During my many years in business, both as a professional and an entrepreneur, I always wished I knew the secret to success. Although I was never able to pinpoint any single one, I have gathered some insights which I’m certain are key. In more recent years as a mentor and angel investor, I’ve been even more determined to pass this guidance to those now entering the workforce.
Thus, I was pleased to see many of my insights seconded in a new book, “The Promises of Giants,” by John Amaechi, OBE, a respected organizational psychologist and leader in the global business arena. For your contemplation, I am paraphrasing his list of insights here, with my own experience added:
- “Nice guys” don’t necessarily finish last. I’ve long heard the myth that peers who are pleasant, thoughtful, conscientious, ethical, fair, and honest are destined to get run over. Obviously, this does happen occasionally, but in my experience, those who consistently demonstrate an aggressive, yet positive and friendly approach, will win in the long run.
While new research confirms that people who manipulate others, and narcissists' charm, makes them much more likely to be chosen as leaders, when it comes to getting the job done, it also shows that they tend to achieve less and are considered poor team players.
- Success doesn’t require disrespect or cruelty. Success does require making difficult decisions, and the ability to deliver difficult conversations. It just means that successful leaders don’t have to aim to harm people or recklessly disregard the impact of decisions on individuals. Really successful leaders do have sensitivity, and show it to their team.
For example, Tim Cook, CEO of Apple, elevated the positive values recently at the 2019 Dreamforce conference, stating: "Wouldn't it be great if everyone woke up and said, from now on I'm treating people with dignity and respect. So many problems would go away."
- Meeting your goals is the only definition of success. Success for you needs to be enduringly meaningful and purposeful to your life and context. The quickest way to fail is to tie your assessment of winning to someone else’s criteria or dream. In my experience, it must be challenging, even seem impossible, and have major value to others as well.
The first step is to find out what really motivates you. What do you want to achieve for yourself and your family? What do you value spiritually, emotionally, and materially? That's what will make you happy, and it’s no fun being successful if you are not happy.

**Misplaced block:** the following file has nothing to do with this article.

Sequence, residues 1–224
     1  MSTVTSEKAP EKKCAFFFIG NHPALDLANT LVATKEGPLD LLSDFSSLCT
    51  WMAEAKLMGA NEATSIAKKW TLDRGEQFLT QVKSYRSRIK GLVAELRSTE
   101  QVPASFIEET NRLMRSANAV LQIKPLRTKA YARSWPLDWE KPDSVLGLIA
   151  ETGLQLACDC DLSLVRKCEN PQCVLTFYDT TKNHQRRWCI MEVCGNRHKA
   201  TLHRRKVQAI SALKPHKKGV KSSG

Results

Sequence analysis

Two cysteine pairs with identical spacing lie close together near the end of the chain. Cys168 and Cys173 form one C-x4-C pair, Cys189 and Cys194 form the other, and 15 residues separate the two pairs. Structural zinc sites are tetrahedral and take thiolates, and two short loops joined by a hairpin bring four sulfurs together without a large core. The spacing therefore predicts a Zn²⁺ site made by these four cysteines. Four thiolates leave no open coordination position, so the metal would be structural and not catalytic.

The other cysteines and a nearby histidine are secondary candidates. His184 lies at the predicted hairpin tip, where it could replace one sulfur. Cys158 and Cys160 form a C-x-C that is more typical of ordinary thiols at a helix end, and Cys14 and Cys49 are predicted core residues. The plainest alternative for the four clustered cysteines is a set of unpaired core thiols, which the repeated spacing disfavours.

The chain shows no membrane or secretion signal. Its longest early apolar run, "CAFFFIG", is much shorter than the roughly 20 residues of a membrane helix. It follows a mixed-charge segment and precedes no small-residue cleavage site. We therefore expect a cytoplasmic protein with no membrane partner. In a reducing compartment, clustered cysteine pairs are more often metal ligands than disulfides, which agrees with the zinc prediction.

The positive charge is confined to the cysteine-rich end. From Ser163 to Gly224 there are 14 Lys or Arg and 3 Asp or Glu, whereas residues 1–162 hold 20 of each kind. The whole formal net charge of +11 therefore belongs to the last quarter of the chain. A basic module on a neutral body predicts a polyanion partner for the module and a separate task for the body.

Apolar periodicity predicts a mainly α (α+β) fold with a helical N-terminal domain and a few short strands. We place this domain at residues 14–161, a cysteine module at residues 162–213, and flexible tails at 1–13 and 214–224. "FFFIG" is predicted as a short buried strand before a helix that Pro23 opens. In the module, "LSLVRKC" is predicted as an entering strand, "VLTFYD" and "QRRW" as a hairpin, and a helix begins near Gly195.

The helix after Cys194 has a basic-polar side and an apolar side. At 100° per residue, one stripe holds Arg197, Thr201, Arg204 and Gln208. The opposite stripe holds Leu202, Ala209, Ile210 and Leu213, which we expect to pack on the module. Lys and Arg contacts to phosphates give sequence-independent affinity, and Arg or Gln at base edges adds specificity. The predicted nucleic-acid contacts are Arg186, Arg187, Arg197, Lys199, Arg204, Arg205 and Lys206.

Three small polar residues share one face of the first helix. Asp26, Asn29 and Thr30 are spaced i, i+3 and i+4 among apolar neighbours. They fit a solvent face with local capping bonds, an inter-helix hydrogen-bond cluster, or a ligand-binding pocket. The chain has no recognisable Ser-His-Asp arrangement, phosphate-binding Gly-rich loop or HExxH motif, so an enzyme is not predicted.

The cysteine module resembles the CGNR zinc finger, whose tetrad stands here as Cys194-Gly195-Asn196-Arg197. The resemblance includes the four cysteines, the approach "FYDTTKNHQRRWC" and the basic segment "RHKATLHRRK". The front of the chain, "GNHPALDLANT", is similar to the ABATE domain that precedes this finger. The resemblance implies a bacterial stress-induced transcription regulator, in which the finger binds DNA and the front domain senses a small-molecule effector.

- Success requires a clear, vivid, and explicit vision. While it’s important to pick a valid target, whatever it may be, you must promise to commit fully to that success. At the organizational level, this may be measured by profit and loss, but that most often is related to employee engagement, quality of experience, and other human factors.
- Winning means compromise and making tradeoffs. You need to understand that business is about satisfying your customer, as well as yourself. Having to pivot as you learn is the only way to win, and being a perfectionist is a quick way to lose. Winning in the long run is the definition of success, and is not always the same as winning right now.
- You don’t have to destroy others to achieve success. Great success is a win-win solution, rather than win-lose. Don’t let others pit you against everyone else, since there must be enough room is business for customers, vendors, and your team to win, as well as you. Even competitors can provide you will helpful insights and winning nuggets.
- Success hinges on minutiae, not pivotal moments. Enduring success is built upon equalizing attention to detail, focus, and effort across everything you do. We all know a respected leader who makes it all look easy, getting positive results and success in the face of mundane, vexing, and even obscure issues. Pivotal moments are for recollection.
Success in business requires that you vigilantly tend to everything that is within your control, including all the dusty stuff in the corners that you would rather not deal with. If you cannot commit to that, then you are not truly committed to success. At the same time, if you can achieve something meaningful for all those around you, they will bring long-term success your way.
*** First published on Inc.com on 11/26/2021 ***